Trained Bears

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My fifth summer between my long-haired parents, rolling East in our blue ’64 Dodge truck, California to Nova Scotia, all we own out back under flapping mackinaw blankets. Truck a barge floating the earth and we, Mister Man, are the Bargers. For weeks on the highway I am wind, the blue truck bone. We roll to a stop in the woods. At night beyond our wicklight, the truck a dark mammal in a larger darkness, heavy among the singing frogs. We drive an old brown horse —eyes gaping, lips loose— slow as the truck will go along the dirt road. In Halifax, Dad backs up to my window. The blue truck sleeps years in a coma, going turquoise. Then, gone. Gentle peasant, big hands, dirt under the nails. Silent big-boned uncle with PTSD. When Dad turned off the ignition it shook for a few seconds. I felt rather than saw how it shook. I feel it still,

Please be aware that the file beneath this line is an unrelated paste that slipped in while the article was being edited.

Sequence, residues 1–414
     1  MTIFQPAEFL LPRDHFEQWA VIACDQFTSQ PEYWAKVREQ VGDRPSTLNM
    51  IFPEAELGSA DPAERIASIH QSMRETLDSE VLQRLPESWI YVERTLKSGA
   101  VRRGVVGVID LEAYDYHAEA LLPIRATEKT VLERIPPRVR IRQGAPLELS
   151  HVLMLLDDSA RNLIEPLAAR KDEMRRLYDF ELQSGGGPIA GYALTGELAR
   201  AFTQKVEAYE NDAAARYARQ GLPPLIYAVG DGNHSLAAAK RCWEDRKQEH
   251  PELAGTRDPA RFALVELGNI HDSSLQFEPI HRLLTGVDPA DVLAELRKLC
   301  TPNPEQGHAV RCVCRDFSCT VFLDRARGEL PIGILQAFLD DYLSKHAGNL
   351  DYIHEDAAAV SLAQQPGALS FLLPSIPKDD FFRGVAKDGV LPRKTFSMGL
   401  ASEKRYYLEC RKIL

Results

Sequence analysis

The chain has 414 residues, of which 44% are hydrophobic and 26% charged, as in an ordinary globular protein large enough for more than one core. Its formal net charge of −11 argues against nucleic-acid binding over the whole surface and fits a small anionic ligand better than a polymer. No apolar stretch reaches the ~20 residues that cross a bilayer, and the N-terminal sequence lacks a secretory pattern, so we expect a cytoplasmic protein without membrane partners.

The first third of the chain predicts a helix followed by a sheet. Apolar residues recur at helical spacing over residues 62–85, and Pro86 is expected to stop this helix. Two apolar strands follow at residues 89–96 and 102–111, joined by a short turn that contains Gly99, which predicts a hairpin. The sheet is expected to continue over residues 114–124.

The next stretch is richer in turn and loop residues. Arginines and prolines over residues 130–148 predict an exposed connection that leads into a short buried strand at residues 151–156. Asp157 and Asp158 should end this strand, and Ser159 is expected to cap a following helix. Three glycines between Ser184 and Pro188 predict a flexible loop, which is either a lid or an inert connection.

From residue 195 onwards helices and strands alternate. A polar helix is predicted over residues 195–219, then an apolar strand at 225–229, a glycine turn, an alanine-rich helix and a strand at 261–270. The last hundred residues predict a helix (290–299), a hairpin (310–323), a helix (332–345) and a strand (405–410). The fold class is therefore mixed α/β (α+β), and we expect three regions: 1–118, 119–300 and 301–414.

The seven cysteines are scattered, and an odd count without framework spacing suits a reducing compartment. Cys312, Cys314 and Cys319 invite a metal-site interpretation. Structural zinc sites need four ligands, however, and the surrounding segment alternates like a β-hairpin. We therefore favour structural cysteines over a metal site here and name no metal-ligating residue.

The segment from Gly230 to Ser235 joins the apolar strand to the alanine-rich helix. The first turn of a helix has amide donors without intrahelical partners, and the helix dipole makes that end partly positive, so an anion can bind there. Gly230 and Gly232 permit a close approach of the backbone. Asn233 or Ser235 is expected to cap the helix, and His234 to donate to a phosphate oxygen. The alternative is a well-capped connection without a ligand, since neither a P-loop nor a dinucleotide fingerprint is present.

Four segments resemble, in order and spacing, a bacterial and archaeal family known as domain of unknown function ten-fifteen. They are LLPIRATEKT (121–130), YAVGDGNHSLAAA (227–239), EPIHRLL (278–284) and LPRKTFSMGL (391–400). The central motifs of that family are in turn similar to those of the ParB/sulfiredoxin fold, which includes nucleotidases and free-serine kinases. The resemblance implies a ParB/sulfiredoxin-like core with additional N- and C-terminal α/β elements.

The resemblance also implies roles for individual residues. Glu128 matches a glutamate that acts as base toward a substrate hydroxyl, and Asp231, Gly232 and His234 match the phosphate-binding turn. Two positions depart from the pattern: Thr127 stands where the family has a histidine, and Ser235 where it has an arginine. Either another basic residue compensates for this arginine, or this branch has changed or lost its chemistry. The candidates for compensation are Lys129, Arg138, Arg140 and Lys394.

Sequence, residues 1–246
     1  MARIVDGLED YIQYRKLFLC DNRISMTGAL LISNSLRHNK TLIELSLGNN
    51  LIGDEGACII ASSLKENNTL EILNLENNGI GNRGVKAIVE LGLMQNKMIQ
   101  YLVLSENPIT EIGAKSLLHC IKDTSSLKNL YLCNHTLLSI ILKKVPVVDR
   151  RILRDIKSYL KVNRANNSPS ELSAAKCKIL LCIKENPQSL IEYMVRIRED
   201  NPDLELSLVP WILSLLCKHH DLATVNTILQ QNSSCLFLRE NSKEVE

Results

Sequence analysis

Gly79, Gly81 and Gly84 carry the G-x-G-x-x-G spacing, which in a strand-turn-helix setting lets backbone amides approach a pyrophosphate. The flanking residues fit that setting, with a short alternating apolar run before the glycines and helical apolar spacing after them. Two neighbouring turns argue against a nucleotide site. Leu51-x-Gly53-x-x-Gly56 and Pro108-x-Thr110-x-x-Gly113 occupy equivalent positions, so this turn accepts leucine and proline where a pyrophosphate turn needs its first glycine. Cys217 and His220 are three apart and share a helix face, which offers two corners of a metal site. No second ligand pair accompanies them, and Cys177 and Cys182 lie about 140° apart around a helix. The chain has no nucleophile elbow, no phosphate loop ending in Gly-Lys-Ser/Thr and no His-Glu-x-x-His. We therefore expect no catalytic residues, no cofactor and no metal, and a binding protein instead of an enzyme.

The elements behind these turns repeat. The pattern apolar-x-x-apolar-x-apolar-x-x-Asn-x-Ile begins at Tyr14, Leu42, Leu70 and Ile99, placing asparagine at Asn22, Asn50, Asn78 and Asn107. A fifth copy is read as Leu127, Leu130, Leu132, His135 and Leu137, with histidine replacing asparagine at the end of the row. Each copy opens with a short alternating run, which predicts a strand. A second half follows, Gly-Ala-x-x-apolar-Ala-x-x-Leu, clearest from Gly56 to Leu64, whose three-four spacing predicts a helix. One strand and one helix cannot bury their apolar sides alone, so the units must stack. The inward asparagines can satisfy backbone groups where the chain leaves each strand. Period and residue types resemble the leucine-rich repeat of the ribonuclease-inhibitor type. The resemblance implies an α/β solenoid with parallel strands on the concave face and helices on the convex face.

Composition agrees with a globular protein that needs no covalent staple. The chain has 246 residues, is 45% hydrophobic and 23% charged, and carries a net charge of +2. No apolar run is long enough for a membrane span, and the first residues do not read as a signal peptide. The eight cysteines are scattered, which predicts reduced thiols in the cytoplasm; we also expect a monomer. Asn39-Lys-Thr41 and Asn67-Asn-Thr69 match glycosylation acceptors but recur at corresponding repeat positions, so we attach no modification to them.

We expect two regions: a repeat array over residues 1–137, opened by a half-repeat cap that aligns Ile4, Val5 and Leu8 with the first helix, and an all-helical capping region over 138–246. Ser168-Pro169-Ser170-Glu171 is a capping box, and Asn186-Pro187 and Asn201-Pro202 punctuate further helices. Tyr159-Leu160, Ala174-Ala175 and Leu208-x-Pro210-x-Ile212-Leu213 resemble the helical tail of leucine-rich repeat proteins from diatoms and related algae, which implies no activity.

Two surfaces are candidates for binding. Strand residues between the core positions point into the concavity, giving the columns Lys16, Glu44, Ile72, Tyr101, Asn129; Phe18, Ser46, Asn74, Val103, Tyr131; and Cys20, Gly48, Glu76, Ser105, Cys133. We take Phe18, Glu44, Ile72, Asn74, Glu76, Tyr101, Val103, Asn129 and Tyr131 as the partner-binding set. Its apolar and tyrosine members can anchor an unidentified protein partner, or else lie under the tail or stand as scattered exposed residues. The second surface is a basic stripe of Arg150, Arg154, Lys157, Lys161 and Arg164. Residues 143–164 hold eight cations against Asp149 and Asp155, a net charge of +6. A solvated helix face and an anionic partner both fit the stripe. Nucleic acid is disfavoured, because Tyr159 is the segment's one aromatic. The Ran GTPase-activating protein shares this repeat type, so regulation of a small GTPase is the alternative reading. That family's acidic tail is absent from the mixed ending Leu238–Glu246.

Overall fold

now thinking of how, years before, Neal Cassady shook after driving the Prankster Bus all night on speed, and his wife Carolyn held him. Gabbing too fast, too much, amok. Sight gags. He gallops, prances, dances, story-tells, pill-pops, driving, driving, driving! His anachronistic parlance— kundalini, state troopers, Armageddon, John 15:1 —paranoic riffing without climax, whirlpools of words turning, turning as if by their own power. You were the Beat who could not write. Skinny, tense, smile a trip wire. Fallen gnomic prophet out of a Blake poem, pestilential monk out of The Canterbury Tales, whose monologues charm us for a few pages. Sweet, social, obedient. A trained bear, Carolyn called him. One day in ’68, in Guanajuato, Mexico, Cassady, in T-shirt and jeans, blind drunk, staggered into a wedding party, drank wine, ate tortillas and secobarbital. Later crawling on hands and knees out into the rain. At forty-one, past tired, his body quit. On that railroad track they laid a tarp upon him.